Astrue, 661 F.3d 931, 939 (6th Cir. 2011) (“This Court has made clear that ‘[w]e
do not hesitate to remand when the Commissioner has not provided ‘good reasons’
for the weight given to a treating physician’s opinion and we will continue to
remanding when we encounter opinions from ALJ’s that do not comprehensively
set forth the reasons for the weight assigned to a treating physician’s opinion.’”).
Because the ALJ failed to provide “good reasons” for not giving controlling
weight to Dr. Macy, the Court cannot determine whether the ALJ’s RFC
assessment, which was apparently based solely on non-examining, consulting
physician, Dr. Ramirez-Jacob’s opinion, is supported by substantial evidence. The
ALJ wholly ignored Dr. Macy’s opinions related to Plaintiff’s functional
limitations. The Administration’s regulations explain that even if not entitled to
controlling weight, treating source opinions are entitled to deference.
Adjudicators must remember that a finding that a treating source
medical opinion is not well-supported by medically acceptable clinical
and laboratory diagnostic techniques or is inconsistent with the other
substantial evidence in the case record means only that the opinion is
not entitled to “controlling weight,” not that the opinion should be
rejected. Treating source medical opinions are entitled to deference
and must be weighed using all of the factors provided in 20 C.F.R.
404.1527 and 416.927. In many cases, a treating source’s opinion
will be entitled to the greatest weight and should be adopted, even if it
does not meet the test for controlling weight.
SSR 96-2, 1996 SER LEXIS 9, 1996 WL 374188 (July 2, 1996).
“An ALJ’s failure to follow agency rules and regulations denotes a lack of
substantial evidence, even where the conclusion of the ALJ may be justified based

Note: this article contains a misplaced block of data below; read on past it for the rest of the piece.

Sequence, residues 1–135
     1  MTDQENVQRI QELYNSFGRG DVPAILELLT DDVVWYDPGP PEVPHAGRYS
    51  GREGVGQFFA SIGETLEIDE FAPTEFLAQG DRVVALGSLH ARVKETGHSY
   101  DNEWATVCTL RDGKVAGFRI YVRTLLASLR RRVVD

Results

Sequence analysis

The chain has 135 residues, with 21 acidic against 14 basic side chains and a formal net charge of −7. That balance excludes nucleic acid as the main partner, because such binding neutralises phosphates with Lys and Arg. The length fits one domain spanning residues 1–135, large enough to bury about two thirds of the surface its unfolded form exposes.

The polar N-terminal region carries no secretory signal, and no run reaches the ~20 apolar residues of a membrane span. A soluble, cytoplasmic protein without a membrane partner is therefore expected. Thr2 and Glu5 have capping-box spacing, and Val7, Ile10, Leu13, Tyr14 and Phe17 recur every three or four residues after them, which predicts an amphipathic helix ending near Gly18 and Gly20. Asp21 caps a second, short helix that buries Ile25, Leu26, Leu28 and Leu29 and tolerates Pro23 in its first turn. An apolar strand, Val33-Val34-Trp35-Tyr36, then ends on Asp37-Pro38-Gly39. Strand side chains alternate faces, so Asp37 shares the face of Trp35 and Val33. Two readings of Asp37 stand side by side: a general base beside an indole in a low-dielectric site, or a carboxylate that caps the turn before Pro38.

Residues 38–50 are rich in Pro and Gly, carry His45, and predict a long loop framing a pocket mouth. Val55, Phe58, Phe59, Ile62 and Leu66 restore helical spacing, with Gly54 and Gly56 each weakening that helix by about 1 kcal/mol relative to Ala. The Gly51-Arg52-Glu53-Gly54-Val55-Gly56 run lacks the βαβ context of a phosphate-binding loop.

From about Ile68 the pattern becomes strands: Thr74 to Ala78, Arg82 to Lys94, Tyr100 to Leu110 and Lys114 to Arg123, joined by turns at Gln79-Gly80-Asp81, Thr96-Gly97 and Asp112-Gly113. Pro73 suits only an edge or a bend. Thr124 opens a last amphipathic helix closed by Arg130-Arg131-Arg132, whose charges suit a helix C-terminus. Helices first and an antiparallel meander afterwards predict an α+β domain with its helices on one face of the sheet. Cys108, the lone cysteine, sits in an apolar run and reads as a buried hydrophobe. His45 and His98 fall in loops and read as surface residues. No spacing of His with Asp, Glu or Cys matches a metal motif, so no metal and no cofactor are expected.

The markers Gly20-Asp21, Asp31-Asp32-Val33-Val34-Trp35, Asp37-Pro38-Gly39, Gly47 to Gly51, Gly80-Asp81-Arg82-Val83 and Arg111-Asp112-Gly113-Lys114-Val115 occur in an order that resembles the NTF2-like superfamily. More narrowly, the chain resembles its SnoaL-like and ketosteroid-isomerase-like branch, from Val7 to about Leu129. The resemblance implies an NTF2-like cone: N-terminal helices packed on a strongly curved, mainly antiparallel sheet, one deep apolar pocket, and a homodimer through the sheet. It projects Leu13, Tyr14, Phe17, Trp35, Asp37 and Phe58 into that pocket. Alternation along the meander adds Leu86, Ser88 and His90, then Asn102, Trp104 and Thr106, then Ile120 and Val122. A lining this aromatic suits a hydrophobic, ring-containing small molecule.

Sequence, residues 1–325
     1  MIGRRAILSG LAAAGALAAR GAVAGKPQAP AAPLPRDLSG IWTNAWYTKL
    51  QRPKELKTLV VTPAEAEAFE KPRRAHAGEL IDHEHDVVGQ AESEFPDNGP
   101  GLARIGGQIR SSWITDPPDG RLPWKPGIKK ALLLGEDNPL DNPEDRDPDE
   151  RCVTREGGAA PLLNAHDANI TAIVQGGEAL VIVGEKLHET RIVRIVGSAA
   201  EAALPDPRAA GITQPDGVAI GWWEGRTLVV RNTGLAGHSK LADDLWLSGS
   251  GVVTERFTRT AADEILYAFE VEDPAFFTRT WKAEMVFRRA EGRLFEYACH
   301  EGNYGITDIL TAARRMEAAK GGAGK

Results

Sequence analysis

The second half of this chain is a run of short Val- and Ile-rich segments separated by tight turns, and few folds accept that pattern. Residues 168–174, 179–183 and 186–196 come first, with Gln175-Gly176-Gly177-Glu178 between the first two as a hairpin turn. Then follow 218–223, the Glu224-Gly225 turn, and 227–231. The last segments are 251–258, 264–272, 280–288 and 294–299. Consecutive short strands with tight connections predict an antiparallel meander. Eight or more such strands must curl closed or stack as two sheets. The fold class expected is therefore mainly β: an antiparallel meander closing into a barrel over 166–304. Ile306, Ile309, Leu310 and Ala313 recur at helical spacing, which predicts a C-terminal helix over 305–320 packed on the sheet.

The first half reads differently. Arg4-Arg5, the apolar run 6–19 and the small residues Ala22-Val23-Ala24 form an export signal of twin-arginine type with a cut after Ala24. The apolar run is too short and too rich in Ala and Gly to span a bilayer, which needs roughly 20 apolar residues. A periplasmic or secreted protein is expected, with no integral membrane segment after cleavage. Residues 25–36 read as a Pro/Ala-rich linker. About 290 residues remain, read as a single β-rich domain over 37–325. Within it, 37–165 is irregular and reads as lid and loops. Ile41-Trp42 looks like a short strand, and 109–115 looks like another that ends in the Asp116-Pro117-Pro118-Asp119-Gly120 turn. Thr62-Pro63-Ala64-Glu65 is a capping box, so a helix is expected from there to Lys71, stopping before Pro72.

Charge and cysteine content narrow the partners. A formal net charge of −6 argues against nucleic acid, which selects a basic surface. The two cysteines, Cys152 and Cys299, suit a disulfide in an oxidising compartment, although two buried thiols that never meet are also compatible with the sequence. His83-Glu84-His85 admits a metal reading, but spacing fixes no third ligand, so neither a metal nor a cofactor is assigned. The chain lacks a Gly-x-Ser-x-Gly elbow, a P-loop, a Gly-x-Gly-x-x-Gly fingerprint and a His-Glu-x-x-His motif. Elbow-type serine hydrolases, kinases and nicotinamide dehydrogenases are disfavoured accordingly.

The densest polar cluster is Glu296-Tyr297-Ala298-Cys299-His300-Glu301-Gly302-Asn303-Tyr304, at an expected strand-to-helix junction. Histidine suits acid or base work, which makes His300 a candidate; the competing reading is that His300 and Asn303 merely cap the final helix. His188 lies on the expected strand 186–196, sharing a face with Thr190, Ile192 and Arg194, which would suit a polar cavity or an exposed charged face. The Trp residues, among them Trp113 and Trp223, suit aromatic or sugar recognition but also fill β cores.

upon the regulation.” Gayheart v. Comm’r of Soc. Sec., 710 F.3d 365, 374 (6th
Cir. 2013). Based on the ALJ’s failure to abide by the treating source rule, remand
to the Commissioner is required. The Commissioner’s second and third objections
Accordingly, the Commissioner’s objections [#20] are SUSTAINED IN
PART and OVERRULED IN PART. The Court hereby ACCEPTS IN PART
Magistrate Judge Stephanie Dawkins Davis’s January 31, 2017 Report and
Recommendation [#19], GRANTS IN PART and DENIES IN PART Defendant
Commissioner’s Motion for Summary Judgment [#16], GRANTS IN PART and
DENIES IN PART Plaintiff Edith Bartee’s Motion for Summary Judgment [#15]
and REMANDS this matter to the Commissioner for further proceedings.
Dated: March 30, 2017
/s/Gershwin A. Drain
GERSHWIN A. DRAIN
United States District Judge
CERTIFICATE OF SERVICE
Copies of this Order were served upon attorneys of record on
March 30, 2017, by electronic and/or ordinary mail.
/s/ Tanya Bankston
Disclaimer: Justia Dockets & Filings provides public litigation records from the federal appellate and district courts. These filings and docket sheets should not be considered findings of fact or liability, nor do they necessarily reflect the view of Justia.
Why Is My Information Online?